To enjoy the full Mail & Guardian online experience: please upgrade your browser
10 Nov 2009 14:03
The government will not abandon its aim of transferring 30% of land to black owners because failure to redistribute posed the risk of Zimbabwe-style polarisation, Minister of Rural Development and Land Reform Gugile Nkwinti said on Tuesday.
“We remain obsessed with 30%. The issue has a great potential for polarisation,” Nkwinti told a media briefing by Cabinet’s economic and employment cluster.
He confirmed a statement by the Director General of the department, Thozi Gwanya, last week that the government realised it would not be able to achieve its target of transferring 30% of land to black owners by 2014.
So far only about 5% has been redistributed.
Gwanya told Business Day that the government was thinking of extending its deadline to 2025 due to a lack of funding made worse by the recession.
He said R71-billion would have been needed to buy outstanding land by 2014, but Treasury had asked the department to revise its request of an additional R18-billion over three years to a more realistic sum.
Nkwinti said his ministry had not yet made it formal policy to shift the deadline to 2025 but was looking into the matter.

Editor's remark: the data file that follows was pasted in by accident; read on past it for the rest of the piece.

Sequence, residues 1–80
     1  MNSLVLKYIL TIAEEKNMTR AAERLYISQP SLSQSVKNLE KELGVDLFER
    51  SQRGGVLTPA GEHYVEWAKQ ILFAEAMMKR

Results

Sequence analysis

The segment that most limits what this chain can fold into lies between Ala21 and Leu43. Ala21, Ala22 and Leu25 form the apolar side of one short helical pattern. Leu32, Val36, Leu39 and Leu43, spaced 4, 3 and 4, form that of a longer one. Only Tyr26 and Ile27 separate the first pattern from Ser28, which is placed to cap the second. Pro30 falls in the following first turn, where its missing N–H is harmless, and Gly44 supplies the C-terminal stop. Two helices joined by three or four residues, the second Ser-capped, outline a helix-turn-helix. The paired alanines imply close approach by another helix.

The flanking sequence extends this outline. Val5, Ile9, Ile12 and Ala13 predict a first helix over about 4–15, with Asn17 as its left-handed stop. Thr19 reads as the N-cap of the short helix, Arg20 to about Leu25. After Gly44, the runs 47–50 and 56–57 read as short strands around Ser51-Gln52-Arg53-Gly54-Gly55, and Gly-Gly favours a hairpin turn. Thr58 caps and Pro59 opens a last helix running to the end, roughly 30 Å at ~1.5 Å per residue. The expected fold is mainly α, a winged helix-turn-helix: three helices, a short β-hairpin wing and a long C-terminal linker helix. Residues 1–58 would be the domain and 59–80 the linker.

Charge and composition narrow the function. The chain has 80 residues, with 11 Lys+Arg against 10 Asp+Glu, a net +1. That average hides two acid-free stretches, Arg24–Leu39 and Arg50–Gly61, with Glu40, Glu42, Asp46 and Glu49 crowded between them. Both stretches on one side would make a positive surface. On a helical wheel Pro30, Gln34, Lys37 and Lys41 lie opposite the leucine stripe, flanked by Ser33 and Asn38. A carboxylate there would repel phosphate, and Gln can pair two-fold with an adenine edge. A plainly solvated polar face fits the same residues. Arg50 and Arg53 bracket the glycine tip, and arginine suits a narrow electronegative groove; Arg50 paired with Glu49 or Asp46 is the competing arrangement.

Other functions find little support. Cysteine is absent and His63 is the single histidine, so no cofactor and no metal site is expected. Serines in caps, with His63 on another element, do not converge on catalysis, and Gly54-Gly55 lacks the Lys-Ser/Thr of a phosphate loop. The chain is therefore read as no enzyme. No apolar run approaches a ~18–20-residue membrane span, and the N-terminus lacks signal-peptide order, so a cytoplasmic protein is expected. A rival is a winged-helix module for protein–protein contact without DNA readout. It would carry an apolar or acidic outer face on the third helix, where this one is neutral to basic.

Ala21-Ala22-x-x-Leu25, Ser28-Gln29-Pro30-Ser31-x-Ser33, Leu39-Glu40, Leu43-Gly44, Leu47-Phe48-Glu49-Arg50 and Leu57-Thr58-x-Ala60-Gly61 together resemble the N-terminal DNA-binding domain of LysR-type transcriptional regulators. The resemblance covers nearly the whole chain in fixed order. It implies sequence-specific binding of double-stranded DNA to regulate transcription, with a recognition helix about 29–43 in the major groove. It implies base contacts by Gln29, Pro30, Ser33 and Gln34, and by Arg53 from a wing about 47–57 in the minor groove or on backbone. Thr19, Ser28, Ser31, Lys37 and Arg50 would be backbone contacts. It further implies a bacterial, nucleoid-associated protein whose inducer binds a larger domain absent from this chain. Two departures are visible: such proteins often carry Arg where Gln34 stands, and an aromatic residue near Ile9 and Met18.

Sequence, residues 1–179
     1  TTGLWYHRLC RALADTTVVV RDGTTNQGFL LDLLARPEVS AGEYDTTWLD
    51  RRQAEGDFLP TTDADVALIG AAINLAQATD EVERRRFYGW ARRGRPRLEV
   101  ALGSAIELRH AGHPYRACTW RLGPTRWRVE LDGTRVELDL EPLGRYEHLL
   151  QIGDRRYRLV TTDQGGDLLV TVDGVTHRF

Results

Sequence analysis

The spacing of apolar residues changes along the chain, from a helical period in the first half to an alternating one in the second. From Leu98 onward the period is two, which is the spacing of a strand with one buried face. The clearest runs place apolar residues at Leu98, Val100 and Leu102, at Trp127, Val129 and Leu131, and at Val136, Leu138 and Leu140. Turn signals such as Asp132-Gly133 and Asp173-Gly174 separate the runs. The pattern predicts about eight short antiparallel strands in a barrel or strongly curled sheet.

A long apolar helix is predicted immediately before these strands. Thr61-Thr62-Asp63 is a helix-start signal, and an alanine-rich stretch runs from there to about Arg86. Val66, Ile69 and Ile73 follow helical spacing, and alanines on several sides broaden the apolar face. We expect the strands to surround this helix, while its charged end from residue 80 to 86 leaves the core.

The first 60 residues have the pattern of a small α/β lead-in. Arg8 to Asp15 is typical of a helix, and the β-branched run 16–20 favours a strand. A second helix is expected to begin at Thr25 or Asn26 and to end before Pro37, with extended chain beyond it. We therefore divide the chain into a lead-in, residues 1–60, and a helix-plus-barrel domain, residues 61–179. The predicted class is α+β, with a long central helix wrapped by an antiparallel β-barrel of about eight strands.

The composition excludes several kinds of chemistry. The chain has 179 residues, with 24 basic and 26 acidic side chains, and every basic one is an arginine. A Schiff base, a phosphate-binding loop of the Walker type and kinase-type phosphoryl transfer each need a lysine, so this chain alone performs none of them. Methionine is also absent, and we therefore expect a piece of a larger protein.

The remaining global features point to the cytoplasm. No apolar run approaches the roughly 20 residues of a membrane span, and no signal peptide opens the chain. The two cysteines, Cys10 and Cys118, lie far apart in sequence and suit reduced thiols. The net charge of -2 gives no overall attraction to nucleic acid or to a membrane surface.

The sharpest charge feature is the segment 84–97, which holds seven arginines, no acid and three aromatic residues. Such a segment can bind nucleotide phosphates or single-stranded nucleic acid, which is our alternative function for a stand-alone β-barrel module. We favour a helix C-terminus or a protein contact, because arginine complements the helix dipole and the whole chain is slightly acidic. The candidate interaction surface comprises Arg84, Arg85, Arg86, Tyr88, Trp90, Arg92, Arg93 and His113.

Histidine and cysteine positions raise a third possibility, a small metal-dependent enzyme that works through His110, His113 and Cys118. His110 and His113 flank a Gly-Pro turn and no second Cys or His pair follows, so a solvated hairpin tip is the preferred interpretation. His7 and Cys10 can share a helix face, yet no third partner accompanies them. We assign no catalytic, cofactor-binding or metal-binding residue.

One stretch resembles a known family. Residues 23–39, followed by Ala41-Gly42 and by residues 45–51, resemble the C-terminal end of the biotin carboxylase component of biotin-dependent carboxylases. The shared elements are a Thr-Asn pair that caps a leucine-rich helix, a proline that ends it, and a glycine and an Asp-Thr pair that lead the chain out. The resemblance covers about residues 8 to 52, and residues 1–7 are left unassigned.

He said the government was aware that it could never move swiftly enough to address expectations on land reform but believed that people wanted to know that the state was aware of their problems.
The minister reiterated that the state’s “willing buyer, willing seller” model of land reform did not work.
Officials are working on a new draft of an expropriation Bill—that would have facilitated the seizure of land from white farmers unwilling to sell—after withdrawing it because of constitutional concerns.
The department ran into another legal hurdle last week when the North Gauteng High Court struck down large portions of the Communal Land Rights Act, which would have been a pillar of the Zuma administration’s rural development programme.
The law, which was declared unconstitutional, was challenged because of the powers it gave the state to privatise communal land.
Nkwinti said the state would not challenge the court ruling.
He said critics of land reform were wrong to blame failing farming operations on redistributed land for the drop in agricultural production in South Africa, which was partly the result of vast areas of arable land being turned into game farms.
“They are no longer producing maize, potatoes.”—Sapa
Create Account | Lost Your Password?